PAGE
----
- Product Liability Insurance -Do you sell products? If so, this insurance is for you. This offers protection against bodily harm or property damage that results from a defective product. If you have ANY part in getting a product to a customer, you need to be covered for this. The type of product that is being manufactured, distributed or sold will determine the amount of coverage you need. Say you sell cars- you will need more coverage than if you sold paper goods. The cost of coverage will be reflective of the amount of potential exposure.
- Workers Compensation Insurance
-Most businesses need this type of coverage if they have employees. The rules vary state by state. This coverage is called a ‘no-fault’ coverage. This means that regardless of who is responsible for the injuries, your employee can seek medical care and be compensated. In return, the employee is not allowed to sue you as a result of their injuries. Depending on the state, coverage may not be required.
- Employers Liability Insurance – Workers compensation insurance pays for the medical care and disability benefits for employees that are injured on the job. It doesn’t matter who was at fault. But, what happens when an employee is injured due to workplace conditions, rather than just a plain accident? Well, workers comp will still pay for medical coverage, but an employee, or their family, may seek additional damages. When you are sued by a third party because a worker was injured due to workplace conditions, employers liability covers you. This type of policy offers coverage when employees are injured, or become sick, due to workplace conditions. It is often times part of a workers comp package and may be a state requirement.
- Business Interruption Insurance – This insurance covers you if you cannot operate your business in the event of a covered loss. OR if the loss causes an earnings reduction. If you lose income after an event, it will cover the loss, minus the expenses you would have paid anyway. However, say you had to move your business to a new temporary location and the utilities are more expensive. The extra cost would be covered.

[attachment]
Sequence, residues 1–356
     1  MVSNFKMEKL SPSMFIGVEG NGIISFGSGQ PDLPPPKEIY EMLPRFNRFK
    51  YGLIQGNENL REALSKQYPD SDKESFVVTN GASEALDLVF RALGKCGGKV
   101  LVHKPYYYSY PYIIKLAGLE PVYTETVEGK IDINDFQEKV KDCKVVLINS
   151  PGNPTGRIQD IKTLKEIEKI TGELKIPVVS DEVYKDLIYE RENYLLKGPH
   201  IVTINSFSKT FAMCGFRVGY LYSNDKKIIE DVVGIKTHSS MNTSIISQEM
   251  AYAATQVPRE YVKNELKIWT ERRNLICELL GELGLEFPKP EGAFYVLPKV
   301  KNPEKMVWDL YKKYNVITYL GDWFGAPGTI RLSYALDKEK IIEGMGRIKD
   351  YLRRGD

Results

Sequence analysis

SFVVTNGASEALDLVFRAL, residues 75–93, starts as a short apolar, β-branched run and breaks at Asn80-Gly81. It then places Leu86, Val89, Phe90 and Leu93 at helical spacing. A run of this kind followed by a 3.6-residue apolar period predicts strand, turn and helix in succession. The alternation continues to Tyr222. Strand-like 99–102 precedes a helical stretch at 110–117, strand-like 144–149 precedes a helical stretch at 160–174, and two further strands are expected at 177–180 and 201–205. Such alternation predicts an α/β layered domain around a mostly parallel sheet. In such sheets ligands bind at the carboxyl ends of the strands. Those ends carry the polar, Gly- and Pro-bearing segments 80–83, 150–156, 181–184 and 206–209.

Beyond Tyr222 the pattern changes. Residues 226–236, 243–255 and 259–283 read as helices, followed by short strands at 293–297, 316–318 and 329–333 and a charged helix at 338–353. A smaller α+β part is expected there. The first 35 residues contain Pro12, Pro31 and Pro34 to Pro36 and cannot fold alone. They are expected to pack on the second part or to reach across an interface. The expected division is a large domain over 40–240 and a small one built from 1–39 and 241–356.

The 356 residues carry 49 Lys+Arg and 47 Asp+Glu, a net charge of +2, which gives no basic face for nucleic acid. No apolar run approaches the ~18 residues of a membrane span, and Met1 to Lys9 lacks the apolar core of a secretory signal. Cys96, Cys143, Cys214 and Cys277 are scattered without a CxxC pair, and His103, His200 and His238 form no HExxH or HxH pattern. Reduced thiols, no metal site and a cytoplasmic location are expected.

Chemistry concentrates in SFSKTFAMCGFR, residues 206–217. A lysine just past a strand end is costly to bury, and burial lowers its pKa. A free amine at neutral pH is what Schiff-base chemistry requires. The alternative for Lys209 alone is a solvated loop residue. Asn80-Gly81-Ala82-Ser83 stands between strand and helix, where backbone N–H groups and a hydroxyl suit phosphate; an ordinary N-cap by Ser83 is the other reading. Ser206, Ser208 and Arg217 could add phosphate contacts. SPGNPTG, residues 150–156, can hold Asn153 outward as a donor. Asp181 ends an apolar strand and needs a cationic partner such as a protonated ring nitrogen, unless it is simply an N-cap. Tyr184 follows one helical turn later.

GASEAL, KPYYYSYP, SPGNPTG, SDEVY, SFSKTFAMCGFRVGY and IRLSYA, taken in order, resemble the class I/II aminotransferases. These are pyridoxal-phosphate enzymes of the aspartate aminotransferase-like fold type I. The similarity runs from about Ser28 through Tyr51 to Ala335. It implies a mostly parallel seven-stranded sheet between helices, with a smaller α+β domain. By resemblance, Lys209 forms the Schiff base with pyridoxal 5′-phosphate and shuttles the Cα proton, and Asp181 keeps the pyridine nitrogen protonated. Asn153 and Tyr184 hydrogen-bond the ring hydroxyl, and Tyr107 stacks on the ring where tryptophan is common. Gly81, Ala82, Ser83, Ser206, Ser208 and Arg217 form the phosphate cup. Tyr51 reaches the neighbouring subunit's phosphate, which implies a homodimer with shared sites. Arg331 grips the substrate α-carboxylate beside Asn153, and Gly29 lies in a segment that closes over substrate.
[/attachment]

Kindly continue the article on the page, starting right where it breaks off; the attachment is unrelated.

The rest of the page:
- Commercial Auto Insurance
This one is pretty straightforward. If you use a vehicle for business purposes, you need this. Your personal auto policy will not provide protection for business use of a vehicle, even if it’s your personal vehicle. Business auto insurance is tailored specifically to the needs of business operators.
- Directors and Officers Liability Insurance -If you have upper management (directors and officers) you may need protection. They may be held liable for their actions if they result in actual or perceived damages to a third party. This includes actions taken by management that results in a lower valuation of a company (i.e. stock price), or negligence while performing their duties. Competitors can also sue you if they feel that there are unfair business practices or anti-trust situations. This policy can protect the directors and officers of both publicly held companies, as well as privately owned businesses. Because of the potential for a person holding an upper management position to be sued for their actions, directors and officers insurance is often times used to entice, and keep the best talent. The policy is usually purchased by the company itself, but it benefits the directors and officers that run the business.
- Contractor Liability Insurance– Contractor liability insurance is generally considered to be coverage for companies or individuals in the construction business. Its not for independent contractors that hire out their talents to different companies. As such, contractors insurance can include liability and property coverage. It can be specifically tailored to those in the construction field. It can also include bonds that many contractors are required to have before they are allowed to bid on a project.